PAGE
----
Brent geese caw in flocks off-shore, as I hit the sand with furry chops. It's barely five minutes' walk from my house, but the beach is like another world as the tide ebbs and reveals its surreal rock-scape.
Winter storms have taken a big bite out of the cliffs, strewing shed-sized boulders at their feet. What strikes me is how much sand has gone, meaning bits which were barely three or four feet deep at high tide last summer must now be twice that.
The old wreck's still there, but the tides have moved her keel and popped the rivets from her plates in places. I wonder how many winters she'll survive. I also wonder what fishing my usual pike fishing haunts would be like if they emptied the water out twice a day - more or less, depending on the moon phase, earth's rotation etc - and you could have a good old wander about on the bottom without getting your feet wet.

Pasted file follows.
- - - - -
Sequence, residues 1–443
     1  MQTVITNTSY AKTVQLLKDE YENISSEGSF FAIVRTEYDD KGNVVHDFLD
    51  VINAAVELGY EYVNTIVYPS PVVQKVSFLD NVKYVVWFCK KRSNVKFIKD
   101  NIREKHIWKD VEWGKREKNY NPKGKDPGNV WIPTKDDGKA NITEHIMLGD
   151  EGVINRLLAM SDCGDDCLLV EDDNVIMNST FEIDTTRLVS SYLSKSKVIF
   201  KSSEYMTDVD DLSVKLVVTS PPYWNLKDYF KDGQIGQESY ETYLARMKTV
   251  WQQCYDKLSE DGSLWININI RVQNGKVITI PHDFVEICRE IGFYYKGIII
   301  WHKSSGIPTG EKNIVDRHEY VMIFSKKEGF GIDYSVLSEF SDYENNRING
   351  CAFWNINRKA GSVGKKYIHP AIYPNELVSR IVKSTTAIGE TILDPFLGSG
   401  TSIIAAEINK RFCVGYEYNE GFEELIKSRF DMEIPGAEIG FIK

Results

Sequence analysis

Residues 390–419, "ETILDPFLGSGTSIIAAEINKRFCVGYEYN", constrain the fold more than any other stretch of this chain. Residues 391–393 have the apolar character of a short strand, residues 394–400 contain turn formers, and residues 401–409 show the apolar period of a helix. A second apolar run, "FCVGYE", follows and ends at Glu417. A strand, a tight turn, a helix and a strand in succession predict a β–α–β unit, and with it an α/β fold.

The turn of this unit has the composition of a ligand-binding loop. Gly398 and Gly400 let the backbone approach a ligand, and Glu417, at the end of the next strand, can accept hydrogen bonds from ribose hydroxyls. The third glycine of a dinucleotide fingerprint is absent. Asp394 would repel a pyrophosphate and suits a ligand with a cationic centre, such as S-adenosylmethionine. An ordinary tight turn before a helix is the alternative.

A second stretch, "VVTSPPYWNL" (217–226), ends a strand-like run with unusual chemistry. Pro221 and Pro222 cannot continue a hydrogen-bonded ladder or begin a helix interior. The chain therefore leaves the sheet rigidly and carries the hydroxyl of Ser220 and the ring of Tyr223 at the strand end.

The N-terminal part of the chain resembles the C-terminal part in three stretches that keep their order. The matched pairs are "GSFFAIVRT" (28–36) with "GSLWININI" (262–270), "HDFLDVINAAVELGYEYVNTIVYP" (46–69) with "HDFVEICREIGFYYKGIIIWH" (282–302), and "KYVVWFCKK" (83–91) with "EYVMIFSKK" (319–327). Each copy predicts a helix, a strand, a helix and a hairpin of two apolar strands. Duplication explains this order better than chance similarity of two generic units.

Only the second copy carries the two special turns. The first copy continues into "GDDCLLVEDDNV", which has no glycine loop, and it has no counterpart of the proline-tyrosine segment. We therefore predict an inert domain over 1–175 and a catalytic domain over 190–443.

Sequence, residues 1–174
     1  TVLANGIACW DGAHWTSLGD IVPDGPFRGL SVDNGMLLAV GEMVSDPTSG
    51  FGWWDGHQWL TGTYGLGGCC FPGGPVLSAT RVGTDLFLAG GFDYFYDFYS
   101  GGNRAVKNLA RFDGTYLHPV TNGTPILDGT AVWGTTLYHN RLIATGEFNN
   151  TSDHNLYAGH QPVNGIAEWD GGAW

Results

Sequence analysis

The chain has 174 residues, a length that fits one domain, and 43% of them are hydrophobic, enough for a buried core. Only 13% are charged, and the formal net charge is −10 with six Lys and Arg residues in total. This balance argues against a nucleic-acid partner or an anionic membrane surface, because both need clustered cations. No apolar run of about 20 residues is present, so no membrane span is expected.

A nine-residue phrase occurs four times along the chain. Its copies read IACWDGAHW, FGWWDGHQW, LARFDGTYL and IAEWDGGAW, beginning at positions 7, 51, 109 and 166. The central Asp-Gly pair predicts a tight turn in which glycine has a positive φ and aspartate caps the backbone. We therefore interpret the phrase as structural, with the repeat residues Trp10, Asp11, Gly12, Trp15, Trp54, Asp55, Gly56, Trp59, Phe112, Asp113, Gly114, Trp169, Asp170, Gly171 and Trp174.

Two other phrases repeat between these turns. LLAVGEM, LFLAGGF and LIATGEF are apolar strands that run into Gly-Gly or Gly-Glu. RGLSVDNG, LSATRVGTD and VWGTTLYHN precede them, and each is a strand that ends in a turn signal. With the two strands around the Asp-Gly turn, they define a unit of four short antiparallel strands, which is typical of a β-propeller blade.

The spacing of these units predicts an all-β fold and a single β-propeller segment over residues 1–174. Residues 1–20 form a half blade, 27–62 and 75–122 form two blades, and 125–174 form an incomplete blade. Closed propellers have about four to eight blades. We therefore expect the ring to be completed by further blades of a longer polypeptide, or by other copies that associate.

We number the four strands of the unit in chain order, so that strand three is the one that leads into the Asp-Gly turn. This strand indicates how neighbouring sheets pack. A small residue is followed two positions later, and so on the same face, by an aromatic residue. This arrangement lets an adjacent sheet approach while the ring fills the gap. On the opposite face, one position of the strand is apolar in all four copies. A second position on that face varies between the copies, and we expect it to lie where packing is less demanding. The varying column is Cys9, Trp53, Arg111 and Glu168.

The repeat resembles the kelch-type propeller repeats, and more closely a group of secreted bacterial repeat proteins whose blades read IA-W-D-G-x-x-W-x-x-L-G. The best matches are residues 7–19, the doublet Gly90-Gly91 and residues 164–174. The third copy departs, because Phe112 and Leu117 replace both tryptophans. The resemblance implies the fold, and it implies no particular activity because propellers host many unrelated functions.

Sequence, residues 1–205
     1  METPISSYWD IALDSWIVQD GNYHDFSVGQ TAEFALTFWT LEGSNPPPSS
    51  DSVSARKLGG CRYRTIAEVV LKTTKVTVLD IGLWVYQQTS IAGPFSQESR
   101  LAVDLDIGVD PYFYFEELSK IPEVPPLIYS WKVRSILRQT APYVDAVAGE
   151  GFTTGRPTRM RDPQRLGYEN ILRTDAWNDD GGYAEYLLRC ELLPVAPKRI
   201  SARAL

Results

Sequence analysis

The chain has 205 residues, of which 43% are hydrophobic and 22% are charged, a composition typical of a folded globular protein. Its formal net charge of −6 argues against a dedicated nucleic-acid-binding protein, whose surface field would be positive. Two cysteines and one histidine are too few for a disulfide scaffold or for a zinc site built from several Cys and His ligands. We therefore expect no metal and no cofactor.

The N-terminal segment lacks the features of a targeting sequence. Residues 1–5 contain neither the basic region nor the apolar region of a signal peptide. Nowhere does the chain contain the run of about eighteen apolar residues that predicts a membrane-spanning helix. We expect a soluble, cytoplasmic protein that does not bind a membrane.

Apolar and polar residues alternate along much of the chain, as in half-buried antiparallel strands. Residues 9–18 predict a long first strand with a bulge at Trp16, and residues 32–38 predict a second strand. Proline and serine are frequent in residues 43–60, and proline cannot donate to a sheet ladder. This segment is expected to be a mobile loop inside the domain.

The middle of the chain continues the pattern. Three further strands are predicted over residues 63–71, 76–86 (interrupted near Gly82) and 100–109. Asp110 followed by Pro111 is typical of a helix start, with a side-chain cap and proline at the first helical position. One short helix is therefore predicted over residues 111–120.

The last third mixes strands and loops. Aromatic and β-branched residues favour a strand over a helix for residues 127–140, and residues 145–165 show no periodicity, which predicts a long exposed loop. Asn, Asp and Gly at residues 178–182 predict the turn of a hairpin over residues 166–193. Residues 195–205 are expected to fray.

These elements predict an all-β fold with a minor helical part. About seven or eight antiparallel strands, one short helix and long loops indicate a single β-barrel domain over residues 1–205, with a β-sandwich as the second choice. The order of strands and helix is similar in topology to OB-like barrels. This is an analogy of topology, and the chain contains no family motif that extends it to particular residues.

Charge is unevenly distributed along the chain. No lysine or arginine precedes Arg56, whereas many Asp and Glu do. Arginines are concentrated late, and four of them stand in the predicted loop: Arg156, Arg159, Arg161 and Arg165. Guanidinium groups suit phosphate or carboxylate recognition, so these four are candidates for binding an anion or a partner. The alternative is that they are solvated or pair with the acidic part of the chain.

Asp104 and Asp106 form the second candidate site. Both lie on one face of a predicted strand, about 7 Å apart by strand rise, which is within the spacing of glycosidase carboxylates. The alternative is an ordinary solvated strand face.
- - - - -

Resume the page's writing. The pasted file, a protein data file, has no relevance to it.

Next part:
Then I spot something even more interesting than smashed razor shells and lugworm casts. As in a bit where the winter storms have gounged an even deeper bit, a perfect avenue between the rocks to work a lure through in a month or two's time. Bass alley..?